No MeSH data available.


Related in: MedlinePlus

Deletion of HAI2 from Pectobacterium atrosepticum SCRI1043 reduces development of blackleg on potato stems. (A) Incidence of blackleg (% of plants with stem lesions) at each assessment for plants inoculated with either SCRI1043ΔHAI2 or the wild type. Each bacterium was inoculated into plants at either 104 or 106 cells per inoculation site. (B) Dot-histograms of lesion lengths on stems for each of 22 potato plants inoculated with either 104 or 106 cells per inoculation site of SCRI1043ΔHAI2 or the wild type. Measurements were taken every second day to 14 days post-inoculation.
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Figure 1: Deletion of HAI2 from Pectobacterium atrosepticum SCRI1043 reduces development of blackleg on potato stems. (A) Incidence of blackleg (% of plants with stem lesions) at each assessment for plants inoculated with either SCRI1043ΔHAI2 or the wild type. Each bacterium was inoculated into plants at either 104 or 106 cells per inoculation site. (B) Dot-histograms of lesion lengths on stems for each of 22 potato plants inoculated with either 104 or 106 cells per inoculation site of SCRI1043ΔHAI2 or the wild type. Measurements were taken every second day to 14 days post-inoculation.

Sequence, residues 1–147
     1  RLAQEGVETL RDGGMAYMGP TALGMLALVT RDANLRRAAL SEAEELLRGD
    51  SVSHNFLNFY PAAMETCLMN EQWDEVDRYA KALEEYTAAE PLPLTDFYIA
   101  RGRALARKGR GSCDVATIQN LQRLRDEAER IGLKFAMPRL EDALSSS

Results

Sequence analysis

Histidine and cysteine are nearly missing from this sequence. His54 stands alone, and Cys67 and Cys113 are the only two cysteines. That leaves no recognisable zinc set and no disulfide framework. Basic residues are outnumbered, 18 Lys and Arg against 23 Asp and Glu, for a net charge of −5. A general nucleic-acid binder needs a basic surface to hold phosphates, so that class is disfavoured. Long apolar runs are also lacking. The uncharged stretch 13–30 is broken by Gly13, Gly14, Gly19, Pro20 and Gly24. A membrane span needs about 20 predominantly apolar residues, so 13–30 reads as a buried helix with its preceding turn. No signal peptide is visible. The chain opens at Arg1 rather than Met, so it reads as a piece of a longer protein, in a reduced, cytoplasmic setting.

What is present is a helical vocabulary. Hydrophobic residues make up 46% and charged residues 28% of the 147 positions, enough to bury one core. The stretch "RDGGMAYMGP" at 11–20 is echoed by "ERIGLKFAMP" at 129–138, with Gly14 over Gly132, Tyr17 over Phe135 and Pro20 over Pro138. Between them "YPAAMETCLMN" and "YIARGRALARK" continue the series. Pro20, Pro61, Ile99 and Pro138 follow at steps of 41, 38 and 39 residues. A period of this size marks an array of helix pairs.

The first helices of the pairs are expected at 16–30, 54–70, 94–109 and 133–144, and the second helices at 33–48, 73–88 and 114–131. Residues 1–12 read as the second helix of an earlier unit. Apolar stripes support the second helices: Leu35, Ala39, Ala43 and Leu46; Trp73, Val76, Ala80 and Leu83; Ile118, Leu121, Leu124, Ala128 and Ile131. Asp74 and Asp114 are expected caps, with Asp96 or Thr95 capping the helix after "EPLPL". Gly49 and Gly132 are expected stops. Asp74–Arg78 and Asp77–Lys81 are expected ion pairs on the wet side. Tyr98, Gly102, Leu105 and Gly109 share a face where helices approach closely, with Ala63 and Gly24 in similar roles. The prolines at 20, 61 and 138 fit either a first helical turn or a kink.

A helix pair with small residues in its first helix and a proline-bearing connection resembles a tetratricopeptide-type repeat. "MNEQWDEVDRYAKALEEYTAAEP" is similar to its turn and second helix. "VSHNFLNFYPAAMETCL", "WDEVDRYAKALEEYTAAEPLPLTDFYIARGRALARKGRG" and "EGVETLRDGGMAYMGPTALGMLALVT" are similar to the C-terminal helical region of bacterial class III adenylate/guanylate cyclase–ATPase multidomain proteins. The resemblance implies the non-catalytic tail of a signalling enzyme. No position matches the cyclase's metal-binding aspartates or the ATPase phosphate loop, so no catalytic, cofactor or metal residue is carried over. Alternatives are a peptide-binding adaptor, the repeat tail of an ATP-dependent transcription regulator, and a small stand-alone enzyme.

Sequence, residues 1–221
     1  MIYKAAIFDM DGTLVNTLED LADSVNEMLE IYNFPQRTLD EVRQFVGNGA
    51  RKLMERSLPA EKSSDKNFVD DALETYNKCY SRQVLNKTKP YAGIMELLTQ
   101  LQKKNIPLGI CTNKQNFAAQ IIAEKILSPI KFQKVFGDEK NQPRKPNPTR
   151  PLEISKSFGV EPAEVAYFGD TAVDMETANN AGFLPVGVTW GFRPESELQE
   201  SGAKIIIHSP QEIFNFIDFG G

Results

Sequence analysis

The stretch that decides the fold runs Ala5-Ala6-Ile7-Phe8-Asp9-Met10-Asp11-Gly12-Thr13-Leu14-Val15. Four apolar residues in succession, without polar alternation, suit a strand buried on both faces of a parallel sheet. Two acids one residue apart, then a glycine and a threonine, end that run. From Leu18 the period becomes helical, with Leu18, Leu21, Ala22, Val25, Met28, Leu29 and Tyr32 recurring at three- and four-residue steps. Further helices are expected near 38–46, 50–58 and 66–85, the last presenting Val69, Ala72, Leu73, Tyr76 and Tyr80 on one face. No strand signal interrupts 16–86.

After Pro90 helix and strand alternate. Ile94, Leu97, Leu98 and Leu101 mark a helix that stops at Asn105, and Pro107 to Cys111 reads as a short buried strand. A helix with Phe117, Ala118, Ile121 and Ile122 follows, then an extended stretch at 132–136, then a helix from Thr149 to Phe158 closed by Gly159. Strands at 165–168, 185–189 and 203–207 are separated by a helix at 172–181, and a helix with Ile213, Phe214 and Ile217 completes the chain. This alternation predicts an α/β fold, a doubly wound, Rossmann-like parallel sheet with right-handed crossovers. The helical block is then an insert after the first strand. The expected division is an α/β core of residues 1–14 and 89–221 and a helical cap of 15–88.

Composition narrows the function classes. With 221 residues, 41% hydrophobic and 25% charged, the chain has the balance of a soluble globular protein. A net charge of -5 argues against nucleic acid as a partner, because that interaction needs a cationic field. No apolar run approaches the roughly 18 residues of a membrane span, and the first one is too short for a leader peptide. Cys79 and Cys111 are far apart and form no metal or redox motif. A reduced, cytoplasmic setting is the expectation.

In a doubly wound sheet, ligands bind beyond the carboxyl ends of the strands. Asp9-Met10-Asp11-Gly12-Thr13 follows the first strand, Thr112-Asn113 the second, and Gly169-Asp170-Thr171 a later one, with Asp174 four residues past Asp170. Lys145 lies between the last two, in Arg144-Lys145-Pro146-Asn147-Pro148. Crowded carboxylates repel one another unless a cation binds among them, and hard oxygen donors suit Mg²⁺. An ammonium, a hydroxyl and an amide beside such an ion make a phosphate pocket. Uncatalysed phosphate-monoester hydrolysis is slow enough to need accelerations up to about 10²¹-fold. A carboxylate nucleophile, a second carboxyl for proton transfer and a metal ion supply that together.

Mentions: Plant infection assays were subsequently performed with the ‘ICE-less’ strain or the wild type using two different starting quantities of inoculum. In the wild type, blackleg incidence increased with greater inoculum (p = 0.018): 77.3% (95% confidence limits; 55.7, 90.2) of plants showing symptoms when inoculated with 106 cells versus 50.0% (30.2, 69.8) when inoculated with 104 cells per inoculation site (Figure 1A). The concentration of the inoculum also had a significant effect on the incidence of blackleg in plants inoculated with the ‘ICE-less’ strain, with blackleg incidence reaching 45.5% (95% confidence limits; 26.5, 65.9) in plants inoculated with 106 cells of the ICE-less strain but only 22.7% (9.8, 44.3) when inoculated with 104 cells after 14 days (Figure 1A).